Repairing the flashing
This might not be the first thing that pops into your head, but a fair number of times it is the flashing, not the shingles themselves, that needs repair. You can learn more about types of flashing and what purpose it actually serves in this article. If damaged, it causes or promotes leaks and other problems.
Moreover, whenever you replace some or all of your roof, you ought to check up on the flashing as a part of the repair session, since you have a good opportunity at the time. Pay close attention to the areas with gaps in the roof, like skylights, around chimneys, trapdoors to attics and what else have you.
Replacing the shingles
This is what you do when the problem is focused in one or two smaller areas of your roof. Shingles get damaged or misplaced – for example, they can get chipped or dented from being beaten by hail, or they can get torn out by strong wind. When only a few are the issue, you can replace just those individual pieces.
The trick is to match the style and color of the new shingles to all the old ones. Badly matched patches stick out like a sore thumb, and then you can kiss curb appeal and potential buyers goodbye.
When you remove the damaged shingles, check the immediately surrounding ones too. If they are loose, tear them off – better be safe than sorry. Use nails and a mix of appropriate adhesives to keep the new ones firmly in place.
Sometimes you need to remove your roof, but not all of it. If only one area of the roof is damaged, you can remove all the shingles there and place new ones, while keeping the rest of the original roof relatively intact. You can read an awesome step-by-step to reroofing in this guide: https://www.wikihow.com/Reroof-Your-House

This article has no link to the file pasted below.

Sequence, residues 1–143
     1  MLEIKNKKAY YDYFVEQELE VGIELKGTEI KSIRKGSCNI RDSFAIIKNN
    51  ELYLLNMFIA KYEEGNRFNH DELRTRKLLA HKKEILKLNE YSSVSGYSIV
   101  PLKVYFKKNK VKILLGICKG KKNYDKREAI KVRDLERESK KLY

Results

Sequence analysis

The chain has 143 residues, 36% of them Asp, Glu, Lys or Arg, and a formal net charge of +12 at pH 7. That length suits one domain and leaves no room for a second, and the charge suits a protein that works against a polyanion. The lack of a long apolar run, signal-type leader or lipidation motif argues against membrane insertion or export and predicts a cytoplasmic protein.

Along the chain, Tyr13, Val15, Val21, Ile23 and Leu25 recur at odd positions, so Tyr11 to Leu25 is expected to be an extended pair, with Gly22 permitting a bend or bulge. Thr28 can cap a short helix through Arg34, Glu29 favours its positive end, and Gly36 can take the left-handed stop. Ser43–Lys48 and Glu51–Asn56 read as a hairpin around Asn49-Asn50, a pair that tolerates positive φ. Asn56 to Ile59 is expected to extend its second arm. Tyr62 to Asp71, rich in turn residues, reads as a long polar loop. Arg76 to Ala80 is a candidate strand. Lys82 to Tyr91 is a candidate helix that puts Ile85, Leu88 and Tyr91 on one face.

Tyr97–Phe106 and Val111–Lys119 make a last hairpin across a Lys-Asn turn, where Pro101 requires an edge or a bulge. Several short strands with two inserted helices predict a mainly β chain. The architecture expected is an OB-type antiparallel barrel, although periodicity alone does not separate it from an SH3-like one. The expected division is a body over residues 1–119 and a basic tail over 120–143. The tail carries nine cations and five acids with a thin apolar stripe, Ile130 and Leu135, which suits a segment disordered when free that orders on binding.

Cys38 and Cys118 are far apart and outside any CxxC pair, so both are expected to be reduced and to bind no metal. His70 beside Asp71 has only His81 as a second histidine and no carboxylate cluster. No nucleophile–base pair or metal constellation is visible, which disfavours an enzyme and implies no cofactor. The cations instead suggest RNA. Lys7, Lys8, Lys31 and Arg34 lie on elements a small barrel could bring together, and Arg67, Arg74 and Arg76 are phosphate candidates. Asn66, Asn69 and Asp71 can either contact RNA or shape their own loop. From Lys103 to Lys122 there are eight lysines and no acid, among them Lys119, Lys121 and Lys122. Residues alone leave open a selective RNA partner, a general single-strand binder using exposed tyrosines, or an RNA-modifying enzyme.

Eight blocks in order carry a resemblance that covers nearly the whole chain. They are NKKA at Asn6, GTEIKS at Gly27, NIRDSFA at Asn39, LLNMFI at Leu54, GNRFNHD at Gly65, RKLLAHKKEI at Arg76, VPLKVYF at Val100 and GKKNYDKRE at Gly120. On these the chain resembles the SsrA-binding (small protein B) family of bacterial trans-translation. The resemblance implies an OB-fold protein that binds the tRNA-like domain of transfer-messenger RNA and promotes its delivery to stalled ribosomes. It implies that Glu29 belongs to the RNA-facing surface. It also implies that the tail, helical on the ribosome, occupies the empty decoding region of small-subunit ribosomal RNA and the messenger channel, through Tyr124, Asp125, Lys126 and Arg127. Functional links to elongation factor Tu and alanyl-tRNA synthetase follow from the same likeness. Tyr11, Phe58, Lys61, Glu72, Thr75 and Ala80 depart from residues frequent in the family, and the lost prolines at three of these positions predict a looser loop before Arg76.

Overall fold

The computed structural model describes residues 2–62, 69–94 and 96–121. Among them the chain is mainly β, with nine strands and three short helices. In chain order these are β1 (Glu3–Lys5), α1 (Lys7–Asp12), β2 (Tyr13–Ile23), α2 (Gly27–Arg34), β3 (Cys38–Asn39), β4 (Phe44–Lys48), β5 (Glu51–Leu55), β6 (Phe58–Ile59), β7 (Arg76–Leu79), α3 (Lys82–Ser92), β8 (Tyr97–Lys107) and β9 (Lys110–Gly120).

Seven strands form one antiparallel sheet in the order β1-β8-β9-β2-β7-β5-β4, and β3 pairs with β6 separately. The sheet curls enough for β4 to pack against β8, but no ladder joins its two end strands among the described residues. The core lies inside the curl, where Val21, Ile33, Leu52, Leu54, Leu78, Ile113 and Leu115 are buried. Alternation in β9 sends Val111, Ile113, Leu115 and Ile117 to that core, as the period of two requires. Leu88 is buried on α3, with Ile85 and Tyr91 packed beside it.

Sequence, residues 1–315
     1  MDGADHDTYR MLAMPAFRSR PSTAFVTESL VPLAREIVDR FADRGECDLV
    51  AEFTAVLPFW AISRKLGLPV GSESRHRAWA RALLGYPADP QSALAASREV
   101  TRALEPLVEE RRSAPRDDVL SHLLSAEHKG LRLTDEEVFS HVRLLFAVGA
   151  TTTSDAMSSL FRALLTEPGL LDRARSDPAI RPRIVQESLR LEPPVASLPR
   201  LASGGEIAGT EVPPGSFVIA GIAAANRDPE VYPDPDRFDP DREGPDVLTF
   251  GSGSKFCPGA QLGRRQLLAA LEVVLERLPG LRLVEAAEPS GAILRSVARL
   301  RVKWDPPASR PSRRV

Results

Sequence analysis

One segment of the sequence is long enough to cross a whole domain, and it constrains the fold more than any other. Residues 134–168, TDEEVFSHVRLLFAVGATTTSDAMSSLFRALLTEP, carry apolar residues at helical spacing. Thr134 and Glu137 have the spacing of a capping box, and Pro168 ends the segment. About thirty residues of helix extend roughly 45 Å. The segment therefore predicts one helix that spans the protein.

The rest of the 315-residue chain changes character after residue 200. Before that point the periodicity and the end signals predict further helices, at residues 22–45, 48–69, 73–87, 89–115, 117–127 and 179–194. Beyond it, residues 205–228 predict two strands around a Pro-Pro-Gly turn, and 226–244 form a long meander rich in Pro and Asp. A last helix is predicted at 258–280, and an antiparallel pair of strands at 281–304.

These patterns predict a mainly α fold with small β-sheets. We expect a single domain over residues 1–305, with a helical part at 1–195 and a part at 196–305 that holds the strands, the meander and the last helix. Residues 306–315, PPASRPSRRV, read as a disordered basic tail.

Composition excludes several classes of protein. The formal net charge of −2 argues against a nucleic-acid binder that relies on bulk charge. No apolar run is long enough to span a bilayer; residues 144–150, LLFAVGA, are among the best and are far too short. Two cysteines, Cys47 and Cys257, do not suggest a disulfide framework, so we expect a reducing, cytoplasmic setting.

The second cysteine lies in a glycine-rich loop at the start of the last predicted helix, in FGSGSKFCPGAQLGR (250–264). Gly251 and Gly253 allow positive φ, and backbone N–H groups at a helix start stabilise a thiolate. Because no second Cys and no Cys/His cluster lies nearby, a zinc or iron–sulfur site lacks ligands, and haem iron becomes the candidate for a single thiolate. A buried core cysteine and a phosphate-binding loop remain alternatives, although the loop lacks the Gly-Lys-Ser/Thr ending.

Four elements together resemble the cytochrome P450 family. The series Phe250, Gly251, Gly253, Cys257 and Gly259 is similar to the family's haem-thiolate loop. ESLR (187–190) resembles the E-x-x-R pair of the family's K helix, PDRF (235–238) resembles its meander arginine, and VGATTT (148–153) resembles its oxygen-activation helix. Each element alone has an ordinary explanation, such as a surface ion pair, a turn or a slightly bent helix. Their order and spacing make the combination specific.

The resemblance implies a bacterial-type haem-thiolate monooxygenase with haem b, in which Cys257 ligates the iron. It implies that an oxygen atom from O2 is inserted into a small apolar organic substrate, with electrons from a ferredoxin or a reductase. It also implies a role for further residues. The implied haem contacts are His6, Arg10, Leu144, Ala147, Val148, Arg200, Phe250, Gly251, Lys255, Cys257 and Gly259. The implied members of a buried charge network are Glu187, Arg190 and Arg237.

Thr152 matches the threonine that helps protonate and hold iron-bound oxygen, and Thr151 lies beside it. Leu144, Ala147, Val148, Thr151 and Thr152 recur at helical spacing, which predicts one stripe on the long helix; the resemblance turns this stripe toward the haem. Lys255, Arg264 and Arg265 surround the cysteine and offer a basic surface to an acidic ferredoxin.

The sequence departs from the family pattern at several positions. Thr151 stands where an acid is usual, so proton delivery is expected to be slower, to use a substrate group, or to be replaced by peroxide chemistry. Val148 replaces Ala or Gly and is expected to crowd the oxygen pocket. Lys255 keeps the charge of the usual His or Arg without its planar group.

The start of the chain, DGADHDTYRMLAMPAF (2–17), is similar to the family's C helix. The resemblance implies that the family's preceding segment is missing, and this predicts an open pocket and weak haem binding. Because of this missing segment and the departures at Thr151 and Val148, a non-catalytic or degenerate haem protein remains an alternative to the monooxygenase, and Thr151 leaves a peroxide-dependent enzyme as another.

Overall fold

Another option here is to add a layer of new shingles over the entire roof. This is an awesome way to conceal any mismatched patches you might have up there. However, layering is a one-hit wonder. If you had already done it, you will have to get rid of both layers completely.
Otherwise, after a layer is removed, the new shingles may not align right with the other roof sections. You can get weird lines that look unattractive, or the ridge cap will grow a hump. So, if a large area of shingles is damaged or gone, but the rest are fine, partial re-roofing can be an awesome fix – just be really careful with the aesthetic alignment.
Re-roofing all the way
In contrast to the above type of roof repair, total roof replacement is the single inevitable prospect for all homeowners. Even if there is no damage to your roof, or at least no widespread damage, they still have their own life expectancy.
When a roof nears its age limit, it has to be replaced entirely. This can be done by layering, or by removing all the shingles before placing new ones. New shingles provide better coverage and adhere to the roof better.
Why not wing the little stuff?
Reroofing and other big jobs are best left to the pros. However, according to our friends over at MainStreet Roofing, no contractor will frown at you if you take a proactive DIY approach to the minor stuff. Here are some tips for being successful in it:
Roofing adhesive and caulk are awesome for flattening down curled shingles and sticking their edges to the roof properly. If they are brittle, treat them with a heat gun to make them softer and less likely to break. Similarly, use roof cement to fill the areas around your flashing (especially the joints), to ensure watertight sealing.
If any single shingle is loose, bin it and install a replacement. No need to wait till it falls off! Slide the back edges underneath the previous row, and make sure the front edges on either sideline up precisely. Secure them with galvanized roofing nails, seal the nails with roof cement, and spread some of it underneath the rest of each single shingle too.